Tuesday, October 7, 2014

A lesson in humility

It's been a long time since I wrote on here. A lot has been going on, so hopefully I'll get some time to chronicle that at some point and share it with you all.

In the meantime, the reason I've come out from hibernation is something unusual happened today.

Several years ago before I moved to Helsinki, I was living in San Diego, working for Nokia. I decided that it was time for me to blow all of my vacation at once and finally set out on a solo adventure abroad. It was a time of testing wills. As it happened I was also training for my second half marathon and doing pretty well but was also getting a bit bored. To give you some context for the time.

This solo adventure abroad ended up being New Zealand, after my original plans (and flights, and bookings) for Egypt fell through as they had their civil war. Turned out to be a ridiculously great choice because well, New Zealand is awesome.

I went with a tour called Contiki (internationally known as "the fuck truck," which was unbeknownst to me until I was there amongst the youngsters). It's a group for people ages 18-33 only. I think you can see why it has the nickname.

Anyway, the tour itself was absolutely everything it promised to be and more. It was an adventure of a lifetime and I did more extreme sports than I thought I ever would: blackwater rafting, whitewater rafting, bungee jumping, canyon swinging, skydiving...the list is endless. Let's just say I blew a lot of money and made a lot of friends.

One of these friends was a guy named Grant. Tall, Australian, one of the friendliest guys I'd ever met, and one of the sweetest. He was one of the most fun to go out with and a great person to talk to.


At the end of our tour we all exchanged emails and eventually Facebook profiles, vowing to keep in touch with each other as only people who have experienced life-changing adventures do. Grant was one of the people I kept in touch with most at first; he was funny and we had a great time reminiscing. We even had a few Skype calls before things started to fall apart.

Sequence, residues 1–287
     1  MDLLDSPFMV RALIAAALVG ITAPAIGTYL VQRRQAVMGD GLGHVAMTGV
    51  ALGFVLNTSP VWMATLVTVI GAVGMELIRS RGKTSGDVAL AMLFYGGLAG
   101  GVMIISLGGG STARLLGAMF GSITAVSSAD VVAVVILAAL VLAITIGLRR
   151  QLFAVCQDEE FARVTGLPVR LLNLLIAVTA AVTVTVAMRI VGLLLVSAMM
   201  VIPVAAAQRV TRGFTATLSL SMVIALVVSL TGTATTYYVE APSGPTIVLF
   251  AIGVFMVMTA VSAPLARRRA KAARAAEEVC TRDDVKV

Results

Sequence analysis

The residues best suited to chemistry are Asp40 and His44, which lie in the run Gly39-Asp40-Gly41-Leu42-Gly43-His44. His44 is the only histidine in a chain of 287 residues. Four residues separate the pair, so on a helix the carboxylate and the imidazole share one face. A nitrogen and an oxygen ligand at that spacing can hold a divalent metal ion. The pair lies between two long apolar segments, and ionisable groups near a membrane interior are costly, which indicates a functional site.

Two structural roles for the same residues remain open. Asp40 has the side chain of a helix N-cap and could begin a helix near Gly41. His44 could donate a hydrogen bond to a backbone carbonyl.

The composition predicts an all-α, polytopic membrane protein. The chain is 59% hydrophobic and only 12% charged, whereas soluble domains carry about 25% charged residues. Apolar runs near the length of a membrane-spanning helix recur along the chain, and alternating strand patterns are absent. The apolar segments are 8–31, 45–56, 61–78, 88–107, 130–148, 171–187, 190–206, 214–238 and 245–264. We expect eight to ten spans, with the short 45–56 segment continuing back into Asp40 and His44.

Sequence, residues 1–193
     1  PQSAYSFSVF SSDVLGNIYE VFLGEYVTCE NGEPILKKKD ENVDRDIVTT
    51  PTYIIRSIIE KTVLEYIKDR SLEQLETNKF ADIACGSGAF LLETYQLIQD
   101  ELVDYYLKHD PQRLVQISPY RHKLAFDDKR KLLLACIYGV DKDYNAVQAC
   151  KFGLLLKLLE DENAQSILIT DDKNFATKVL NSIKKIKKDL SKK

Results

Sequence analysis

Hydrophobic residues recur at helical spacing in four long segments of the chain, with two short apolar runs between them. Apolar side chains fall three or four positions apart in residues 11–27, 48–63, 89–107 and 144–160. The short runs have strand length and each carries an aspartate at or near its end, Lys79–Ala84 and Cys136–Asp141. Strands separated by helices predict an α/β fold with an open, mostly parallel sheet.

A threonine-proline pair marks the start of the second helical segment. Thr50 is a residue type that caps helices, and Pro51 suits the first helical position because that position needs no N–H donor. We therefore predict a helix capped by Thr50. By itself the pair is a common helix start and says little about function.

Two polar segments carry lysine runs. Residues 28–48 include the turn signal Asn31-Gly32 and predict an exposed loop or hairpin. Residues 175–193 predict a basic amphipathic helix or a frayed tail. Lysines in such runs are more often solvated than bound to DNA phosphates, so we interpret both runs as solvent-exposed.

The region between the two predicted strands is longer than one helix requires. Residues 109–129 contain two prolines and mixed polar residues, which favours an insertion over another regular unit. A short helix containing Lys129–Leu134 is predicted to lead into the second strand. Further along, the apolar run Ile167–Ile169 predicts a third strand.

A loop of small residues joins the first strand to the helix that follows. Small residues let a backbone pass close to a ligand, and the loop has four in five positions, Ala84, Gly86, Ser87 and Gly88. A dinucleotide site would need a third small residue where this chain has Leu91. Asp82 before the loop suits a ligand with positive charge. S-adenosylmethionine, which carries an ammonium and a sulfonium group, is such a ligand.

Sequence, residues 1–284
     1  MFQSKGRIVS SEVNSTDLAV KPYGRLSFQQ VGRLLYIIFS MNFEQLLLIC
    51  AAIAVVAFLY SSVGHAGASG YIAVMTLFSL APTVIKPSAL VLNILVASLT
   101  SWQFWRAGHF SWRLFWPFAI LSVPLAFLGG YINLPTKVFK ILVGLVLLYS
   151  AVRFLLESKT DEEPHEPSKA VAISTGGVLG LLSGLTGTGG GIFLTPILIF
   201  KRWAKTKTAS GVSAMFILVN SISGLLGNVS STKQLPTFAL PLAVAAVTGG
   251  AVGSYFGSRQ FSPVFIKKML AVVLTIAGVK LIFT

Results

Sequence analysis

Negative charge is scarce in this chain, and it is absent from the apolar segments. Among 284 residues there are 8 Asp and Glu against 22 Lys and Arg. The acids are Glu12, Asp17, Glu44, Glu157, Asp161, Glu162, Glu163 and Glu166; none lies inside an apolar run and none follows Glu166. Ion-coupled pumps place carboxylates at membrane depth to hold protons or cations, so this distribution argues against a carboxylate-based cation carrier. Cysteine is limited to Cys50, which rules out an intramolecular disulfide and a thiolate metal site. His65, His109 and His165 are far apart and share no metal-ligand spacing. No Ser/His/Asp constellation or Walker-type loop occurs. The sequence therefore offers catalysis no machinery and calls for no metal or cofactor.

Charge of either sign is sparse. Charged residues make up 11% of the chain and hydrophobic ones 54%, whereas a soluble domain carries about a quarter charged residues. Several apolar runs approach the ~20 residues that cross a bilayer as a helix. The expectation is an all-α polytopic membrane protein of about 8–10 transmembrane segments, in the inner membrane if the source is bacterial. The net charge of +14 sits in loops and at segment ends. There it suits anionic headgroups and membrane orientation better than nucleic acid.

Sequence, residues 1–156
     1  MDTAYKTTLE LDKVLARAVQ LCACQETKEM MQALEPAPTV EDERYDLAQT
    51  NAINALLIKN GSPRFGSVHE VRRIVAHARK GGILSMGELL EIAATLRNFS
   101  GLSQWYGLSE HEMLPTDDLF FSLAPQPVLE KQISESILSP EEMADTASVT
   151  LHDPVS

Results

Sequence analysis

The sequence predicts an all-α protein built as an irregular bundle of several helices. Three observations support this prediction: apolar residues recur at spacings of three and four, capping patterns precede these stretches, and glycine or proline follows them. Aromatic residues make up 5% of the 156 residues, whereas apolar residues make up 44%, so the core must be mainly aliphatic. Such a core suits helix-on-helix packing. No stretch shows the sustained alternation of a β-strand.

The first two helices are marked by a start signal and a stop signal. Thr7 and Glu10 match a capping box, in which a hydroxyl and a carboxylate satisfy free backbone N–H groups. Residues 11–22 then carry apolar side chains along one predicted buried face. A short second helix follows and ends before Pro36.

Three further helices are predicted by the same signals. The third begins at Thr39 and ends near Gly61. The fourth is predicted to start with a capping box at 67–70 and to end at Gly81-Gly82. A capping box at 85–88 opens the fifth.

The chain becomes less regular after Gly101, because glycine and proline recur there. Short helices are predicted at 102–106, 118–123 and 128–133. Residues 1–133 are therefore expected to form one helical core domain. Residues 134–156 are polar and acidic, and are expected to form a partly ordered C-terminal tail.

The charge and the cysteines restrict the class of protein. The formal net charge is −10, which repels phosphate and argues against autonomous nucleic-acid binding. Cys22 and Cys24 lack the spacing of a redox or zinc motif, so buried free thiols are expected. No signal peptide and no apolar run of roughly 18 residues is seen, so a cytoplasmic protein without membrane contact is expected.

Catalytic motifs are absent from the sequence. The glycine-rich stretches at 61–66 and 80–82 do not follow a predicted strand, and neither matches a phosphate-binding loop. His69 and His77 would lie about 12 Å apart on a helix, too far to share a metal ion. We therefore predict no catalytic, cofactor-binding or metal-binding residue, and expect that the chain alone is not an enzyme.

Life dealt Grant a pretty severe blow. The week he was back from our trip he was fired from his job managing a bank for something that though technically his fault, was pretty harsh. In summary, he was at a company event (with booze) when his branch called him and said they had found a discrepancy in the cash amounts for that day.  Being a responsible manager, he left the party to go back to work and help them find the money. I never found out if he did or not, but the next day he was called into the corporate offices and told that he was being summarily dismissed for "drinking on the job."

What was he supposed to do in that situation? Ignore his branch and stay at the party? There was no good response to the situation he was put in. It sounds like they were gunning for a reason to fire him, but that's neither here nor there.

Because he was fired, he had to move towns. Things got a bit hard for him and he got depressed. His Facebook posts turned from partying Grant to rather sad rants about life and pictures of his dog and cat. A great many of us tried to cheer him up at first but after this went on for six months and then a year, and beyond...we drifted away.

The sheer self-pity in the posts were enough to hide him from my newsfeed. I stopped wanting to hear it because it wasn't helpful. No matter how much people tried to help him he just kept himself in a hole. I guess that's how depression works.

The last I'd heard from him was two and a half years ago when I was still living in Finland. I responded to his IM but in the end it was the same: he said he was giving up on trying to find a longtime girlfriend and wanted me to join Twitter so I could follow his ramblings. I said I didn't have a Twitter account and we sort of left it at that.

...until today. Today he IMed me for the first time in years.

Admittedly I hesitated responding to him. I remembered everything that had happened previously. I heard from some of my other friends who still kept in touch that he'd had cancer, but that he was getting over it. Otherwise it was a continuation of photos of his dog.

I did respond though, after a few minutes. I figured what could the harm be? He's a guy wanting to catch up. He wasn't the first. Who knows what someone will tell you.

In talking to him I could see how much he'd changed. Calmer, more thoughtful. As we chatted more I read through his profile to see what I'd been missing all these years. Prostate cancer. Bad prostate cancer. Such major surgery that he is now infertile. Massive weight loss.

And yet the sunny positive Grant that had been present in our travels together was returning. It was no longer rambunctious, but still there. He had come to accept the inevitability of his situation and embrace the long and tough journey ahead of him. It was inspiring. I felt like an asshole for having ignored him all these years.

So I thought I'd give him a little bit of fame here on my blog, even if it's a little thing. I wished him well and told him to message me whenever he wanted.

Thanks for the reminder Grant. To life.